Miss Kittin

Caroline Hervé is at it again with a new Miss Kittin album: Calling From The Stars will be released as a double CD on April 22nd 2013.

Accumulating praise from all facets of the music world, Hervé rose to electronic prominence in 1998 with “1982,” a collaborative single with long-time production partner The Hacker. Soon thereafter, she continued her streak of brilliance with follow-up tunes such as “Frank Sinatra” and “Stock Exchange” (all on the aptly titled First Album). With the record being lauded by critics, DJs and fans alike, it opened the door for Miss Kittin to be featured on tracks from the likes of techno don Sven Väth, electronic agitator T. Raumschmiere and most notably, fellow feline Felix Da Housecat, whose “Silver Screen (Shower Scene)” became one of the early ’00s biggest hits thanks to Kittin’s sultry deadpan delivery.

In 2004, Kittin took charge on the solo front with her debut album I Com, highlighting her inventiveness for merging disparate musical elements into a cohesive whole; tinges of dub, electro-pop and jacking house were uniformly united by her punk sensibility throughout the record’s techno beats. Her sense of vocal delegation was also extended across a variety of deliveries: from singing and screams to rapping and crooning, always with a sizable helping of wit in the mix.

However, for all her hits as a singer, songwriter and producer, Miss Kittin will always love her DJ both. With nearly 20 years behind the decks, Kittin has amassed a following of dedicated dancers with her eclectic sets and ecstatic mixing attitude, playing her own and other techno and house hits while never afraid to throw a curveball at the dance floor in the form of electro, IDM, rave classics and more. As she’s proven time and time again at clubs and festivals around the world (and on her many mix CDs) Kittin is one DJ who isn’t afraid to mix Prince into classic Aphex Twin or a newly pressed 12” from the shelves of Hardwax. It is during these legendary sets that her infectious personality truly becomes visible as she deftly works the turntables and mixer while dancing along to each record and grabbing the mic to add her beloved voice when the moment grabs her.

After her string of full-length releases, including 2008’s BatBox and 2009’s Two with The Hacker (which was accompanied by a full reunion tour), Herve went quiet for a year. During that time she collaborated with Oxia on his newest LP Tides Of Mind, with Kris Menace on Hide, she released EP’s on Mobilee Records and Jackathon Jams, collaborated with Estroe and Xenia Beliayeva and worked on her newest full- length, entitled Calling From The Stars. The album is a double CD, representing two halves of the sonic personalities that live inside Miss Kittin.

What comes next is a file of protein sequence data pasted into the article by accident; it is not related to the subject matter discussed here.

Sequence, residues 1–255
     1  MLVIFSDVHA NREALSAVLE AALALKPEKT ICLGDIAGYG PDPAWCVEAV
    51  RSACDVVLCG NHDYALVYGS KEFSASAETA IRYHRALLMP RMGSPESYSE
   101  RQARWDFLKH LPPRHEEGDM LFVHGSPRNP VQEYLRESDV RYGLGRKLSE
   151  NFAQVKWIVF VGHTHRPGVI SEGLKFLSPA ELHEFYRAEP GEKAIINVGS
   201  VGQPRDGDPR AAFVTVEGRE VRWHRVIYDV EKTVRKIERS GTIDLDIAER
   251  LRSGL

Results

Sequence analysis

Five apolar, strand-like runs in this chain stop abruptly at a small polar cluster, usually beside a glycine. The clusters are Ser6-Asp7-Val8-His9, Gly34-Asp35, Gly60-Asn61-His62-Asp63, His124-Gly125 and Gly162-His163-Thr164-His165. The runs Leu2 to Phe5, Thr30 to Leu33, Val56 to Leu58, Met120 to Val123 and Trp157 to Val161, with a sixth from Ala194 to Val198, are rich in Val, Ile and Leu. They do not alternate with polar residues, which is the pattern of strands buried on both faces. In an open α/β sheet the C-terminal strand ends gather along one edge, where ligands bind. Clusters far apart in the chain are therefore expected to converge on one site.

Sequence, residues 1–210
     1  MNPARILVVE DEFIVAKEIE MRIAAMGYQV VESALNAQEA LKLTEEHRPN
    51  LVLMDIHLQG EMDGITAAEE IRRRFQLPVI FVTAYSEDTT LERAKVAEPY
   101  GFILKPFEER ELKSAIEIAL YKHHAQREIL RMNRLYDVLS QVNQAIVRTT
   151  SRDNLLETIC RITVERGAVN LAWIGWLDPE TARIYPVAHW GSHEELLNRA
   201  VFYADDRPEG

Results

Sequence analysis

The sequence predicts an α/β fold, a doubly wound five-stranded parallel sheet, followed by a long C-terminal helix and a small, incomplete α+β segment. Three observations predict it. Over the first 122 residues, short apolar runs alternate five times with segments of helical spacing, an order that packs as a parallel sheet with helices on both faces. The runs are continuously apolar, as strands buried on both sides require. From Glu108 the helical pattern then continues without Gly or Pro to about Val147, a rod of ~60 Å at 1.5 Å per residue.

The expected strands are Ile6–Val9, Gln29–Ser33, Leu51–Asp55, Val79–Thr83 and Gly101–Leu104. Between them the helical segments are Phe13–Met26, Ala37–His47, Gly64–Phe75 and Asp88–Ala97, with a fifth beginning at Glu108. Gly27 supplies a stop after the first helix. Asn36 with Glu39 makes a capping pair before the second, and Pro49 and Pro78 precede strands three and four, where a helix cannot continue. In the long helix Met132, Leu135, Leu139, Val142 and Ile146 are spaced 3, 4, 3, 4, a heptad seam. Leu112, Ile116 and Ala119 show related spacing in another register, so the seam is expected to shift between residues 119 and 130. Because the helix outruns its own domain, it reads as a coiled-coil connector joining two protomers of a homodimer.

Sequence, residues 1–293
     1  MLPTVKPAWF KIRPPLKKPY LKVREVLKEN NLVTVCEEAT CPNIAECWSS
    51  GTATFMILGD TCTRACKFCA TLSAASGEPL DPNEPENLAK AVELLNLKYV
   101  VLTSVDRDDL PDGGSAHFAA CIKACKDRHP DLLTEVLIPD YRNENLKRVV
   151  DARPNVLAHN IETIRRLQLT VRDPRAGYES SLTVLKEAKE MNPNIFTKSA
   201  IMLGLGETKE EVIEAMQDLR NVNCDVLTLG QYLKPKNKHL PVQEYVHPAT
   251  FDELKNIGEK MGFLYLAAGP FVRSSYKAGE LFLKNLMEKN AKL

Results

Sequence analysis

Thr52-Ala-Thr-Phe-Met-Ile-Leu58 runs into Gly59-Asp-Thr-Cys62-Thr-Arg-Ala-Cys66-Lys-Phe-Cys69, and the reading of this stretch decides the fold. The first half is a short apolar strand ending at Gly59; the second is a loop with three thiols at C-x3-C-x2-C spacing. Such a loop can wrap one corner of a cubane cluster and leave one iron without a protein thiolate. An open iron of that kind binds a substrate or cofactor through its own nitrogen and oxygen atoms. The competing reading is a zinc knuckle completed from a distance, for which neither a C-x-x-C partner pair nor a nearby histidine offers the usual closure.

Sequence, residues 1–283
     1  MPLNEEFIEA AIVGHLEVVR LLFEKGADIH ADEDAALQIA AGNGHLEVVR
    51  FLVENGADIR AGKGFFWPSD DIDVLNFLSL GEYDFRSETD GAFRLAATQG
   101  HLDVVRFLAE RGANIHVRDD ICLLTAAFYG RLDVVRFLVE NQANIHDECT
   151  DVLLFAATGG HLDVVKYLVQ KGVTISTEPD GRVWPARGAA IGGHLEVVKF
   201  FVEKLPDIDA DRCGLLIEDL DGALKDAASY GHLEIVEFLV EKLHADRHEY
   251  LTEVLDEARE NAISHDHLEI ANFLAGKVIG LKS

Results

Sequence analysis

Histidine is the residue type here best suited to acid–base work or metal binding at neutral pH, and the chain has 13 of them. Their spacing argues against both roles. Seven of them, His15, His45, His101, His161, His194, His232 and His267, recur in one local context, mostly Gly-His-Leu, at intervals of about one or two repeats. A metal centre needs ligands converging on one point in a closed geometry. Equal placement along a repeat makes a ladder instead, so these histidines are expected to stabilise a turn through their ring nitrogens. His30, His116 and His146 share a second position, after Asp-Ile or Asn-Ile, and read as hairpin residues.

Calling From The Stars is the first album written and produced almost entirely by Kittin herself. Having been schooled by the crème of international studio talent, including longtime collaborator The Hacker, Chicago legend Felix da Housecat and UK acid house innovator Pascal Gabriel, Kittin set out to use her training to create music that came at it’s own pace, writing and recording only when inspiration struck.

The first disc is a familiar set of Miss Kittin tracks, starts off with an non-stop burst of club energy until the closing track, Kittin’s cover of R.E.M.’s “Everybody Hurts.” Inspired by meeting Michael Stipe years back, she revels that small moment and cements her tribute with this fantastic ode to the group.

The second disc presents a more unusual journey into ambient techno sounds akin to Warp’s Artificial Intelligence series, describes by Hervé as “pure expression of feelings, space and textures in sounds.” Those senses include impressions of Detroit, the French countryside and even quantum physics.

Undoubtedly rapturing, Caroline Herve returns to form with Calling From The Stars by showing the world two sides of a distinct musical soul. No matter how it’s absorbed, one thing is for sure; her ability to bridge the gap between the dance floor and the soul of music inside of us is clearly evident in this album and whatever else is on the horizon.